The Church History Library is located just east of Temple Square and about a long block and half from the Family History Library. The Church History Library (CHL) is not at all the hive of activity you might experience in the Family History Library. The CHL does have a significant collection of books and other records on open stacks, but most of the documents held by the CHL are archival in nature and are kept in closed stacks. You have to visit the CHL to gain access to most of the records and sign in as a registered researcher. However, during the past few years, there has been an effort made to put some very significant collections online.

The Church of Jesus Christ of Latter-day Saints has also produced a series of church history websites. These include the following:
There are also a number of history related sites on
It is not obvious from a visit to the CHL website that there are also quite a few resources available. If you click around long enough, you might find the following:
There is also a page of Featured Collections, the current collections are as follows:
It is interesting to me that several years ago, I offered the Church History Library an extensive collection (approximately 4000 photos many on glass negatives) from Eastern Arizona with photos dating back to the 1860s and they expressed absolutely no interest and so the collection went to the University of Arizona. It looks like they may have expanded their interests more recently.

There may be more digitized collections but that is all I could find. 

Wednesday, November 18, 2015

The Mountain West Digital Library

This short explanation of the Mountain West Digital Library (MWDL) is a good introduction to this relatively unknown resource among family historians.
We provide free access to over 960,000 resources from universities, colleges, public libraries, museums, historical societies, and government agencies, counties, and municipalities in Utah, Nevada, Idaho, Arizona, Montana, Hawaii, and other parts of the U.S. West.
However, you need to browse through the MWDL's extensive list of partners to appreciate the resources of this remarkable online record hub. As is the case with any library, you can only begin to appreciate the contents by browsing the shelves. In this case, a review of the digital collections will certainly stimulate your interest in the website.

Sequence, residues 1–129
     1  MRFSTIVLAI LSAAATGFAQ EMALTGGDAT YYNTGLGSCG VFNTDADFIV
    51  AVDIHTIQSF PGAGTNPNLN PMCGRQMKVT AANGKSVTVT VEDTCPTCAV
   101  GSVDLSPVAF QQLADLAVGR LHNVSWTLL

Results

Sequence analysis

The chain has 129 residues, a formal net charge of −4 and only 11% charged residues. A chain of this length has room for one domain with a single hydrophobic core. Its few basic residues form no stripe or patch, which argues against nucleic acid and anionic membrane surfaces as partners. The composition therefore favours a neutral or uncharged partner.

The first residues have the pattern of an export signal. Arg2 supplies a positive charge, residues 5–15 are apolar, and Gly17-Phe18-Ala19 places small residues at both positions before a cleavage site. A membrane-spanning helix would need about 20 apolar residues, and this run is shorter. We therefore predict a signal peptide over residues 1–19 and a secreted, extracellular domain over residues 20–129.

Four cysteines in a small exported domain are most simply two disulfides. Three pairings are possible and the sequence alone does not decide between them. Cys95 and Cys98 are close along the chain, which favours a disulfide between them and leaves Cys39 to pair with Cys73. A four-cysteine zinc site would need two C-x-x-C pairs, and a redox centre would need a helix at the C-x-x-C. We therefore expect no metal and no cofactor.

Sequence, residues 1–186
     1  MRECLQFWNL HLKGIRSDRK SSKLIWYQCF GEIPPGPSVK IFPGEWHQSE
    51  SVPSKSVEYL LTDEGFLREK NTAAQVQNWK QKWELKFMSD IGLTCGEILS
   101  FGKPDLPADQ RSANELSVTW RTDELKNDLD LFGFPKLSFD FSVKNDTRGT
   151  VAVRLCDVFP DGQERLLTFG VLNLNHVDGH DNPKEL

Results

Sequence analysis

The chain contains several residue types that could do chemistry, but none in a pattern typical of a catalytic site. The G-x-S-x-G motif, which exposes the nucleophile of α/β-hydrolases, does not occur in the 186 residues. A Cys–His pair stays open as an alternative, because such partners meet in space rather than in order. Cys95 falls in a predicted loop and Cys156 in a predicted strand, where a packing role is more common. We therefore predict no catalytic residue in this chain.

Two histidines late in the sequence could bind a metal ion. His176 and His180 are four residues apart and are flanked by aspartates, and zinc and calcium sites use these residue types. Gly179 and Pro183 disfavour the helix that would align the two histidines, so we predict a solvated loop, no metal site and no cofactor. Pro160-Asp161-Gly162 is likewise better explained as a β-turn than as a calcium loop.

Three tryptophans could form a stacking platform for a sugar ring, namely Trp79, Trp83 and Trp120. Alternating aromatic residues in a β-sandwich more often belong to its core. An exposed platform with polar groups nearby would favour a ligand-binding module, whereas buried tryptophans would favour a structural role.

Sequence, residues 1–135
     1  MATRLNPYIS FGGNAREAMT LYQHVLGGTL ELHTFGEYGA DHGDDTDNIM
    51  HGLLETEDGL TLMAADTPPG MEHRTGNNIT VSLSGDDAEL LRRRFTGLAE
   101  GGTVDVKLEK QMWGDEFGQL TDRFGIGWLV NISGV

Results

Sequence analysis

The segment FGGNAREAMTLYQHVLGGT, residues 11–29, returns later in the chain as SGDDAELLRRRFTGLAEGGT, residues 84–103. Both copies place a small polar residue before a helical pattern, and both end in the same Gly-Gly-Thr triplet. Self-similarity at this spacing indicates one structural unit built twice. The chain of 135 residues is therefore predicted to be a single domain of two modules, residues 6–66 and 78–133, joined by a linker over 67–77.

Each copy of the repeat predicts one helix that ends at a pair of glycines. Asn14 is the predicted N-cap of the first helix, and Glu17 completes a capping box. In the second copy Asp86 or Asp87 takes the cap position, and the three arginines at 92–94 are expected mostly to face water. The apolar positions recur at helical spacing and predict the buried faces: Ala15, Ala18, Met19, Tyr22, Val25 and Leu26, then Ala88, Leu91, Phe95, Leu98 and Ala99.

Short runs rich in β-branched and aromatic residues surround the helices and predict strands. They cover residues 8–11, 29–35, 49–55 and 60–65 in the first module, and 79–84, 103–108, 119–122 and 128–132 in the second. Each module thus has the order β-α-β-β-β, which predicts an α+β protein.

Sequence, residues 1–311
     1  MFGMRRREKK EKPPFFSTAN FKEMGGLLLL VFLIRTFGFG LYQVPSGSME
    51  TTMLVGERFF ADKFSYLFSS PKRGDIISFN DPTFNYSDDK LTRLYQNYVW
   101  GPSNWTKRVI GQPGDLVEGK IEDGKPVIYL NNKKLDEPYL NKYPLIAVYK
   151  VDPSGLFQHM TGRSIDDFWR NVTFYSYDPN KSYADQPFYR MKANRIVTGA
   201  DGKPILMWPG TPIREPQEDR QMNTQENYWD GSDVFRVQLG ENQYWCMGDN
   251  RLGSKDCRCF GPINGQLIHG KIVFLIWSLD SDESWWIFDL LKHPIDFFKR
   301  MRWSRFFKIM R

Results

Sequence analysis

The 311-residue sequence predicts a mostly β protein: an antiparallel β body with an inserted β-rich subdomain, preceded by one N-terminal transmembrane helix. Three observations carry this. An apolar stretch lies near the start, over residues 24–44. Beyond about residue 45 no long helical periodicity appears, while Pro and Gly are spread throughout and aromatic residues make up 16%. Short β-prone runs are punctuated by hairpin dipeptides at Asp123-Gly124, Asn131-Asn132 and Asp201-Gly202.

For those who have ancestors who lived in the Mountain West, I suggest that this is a rich source of photographs and histories of the entire area. There are thousands of images that could be of major interest to you and your family.

Here is an early view of Provo from the East Bench. I wonder which street is shown as crossing the entire city. There are no streets that run uninterrupted from the Bench across the valley today. Some of my older local readers may remember the old Provo High School.

In light of the upcoming dedication of the new Provo, City Center Temple on March 20, 2016, here is a photo of the Provo Tabernacle from 1900.

Taken from east side of University Ave looking northwest to Tabernacle corner. Buggies and carriages arriving at the Provo Tabernacle for a conference. This caption is included: "People attended conference at Provo Tabernacle in buggies and carriages in pre-automobile days"
You might want to take some time to browse around in this online library.

Tuesday, November 17, 2015

BillionGraves Introduces Version 2.1 of their website

Some time ago, introduced BillionGraves+, a paid version of their popular online grave registration program. Now, they have introduced a substantial addition to their website with searches that include access to large databases of supporting records. You might want to check this out.

Old Version of to Go Away

On December 15, 2015, all of the present accounts will move to the new website. I have noted that many users are still using the "old site." I suggest you move to the new website before you wake up and find that you are already there. You can switch to the new website by logging in to the program. Once you are in the program, you can click on your name in the upper right-hand corner of the screen and get a drop down menu that will include a link to the new website.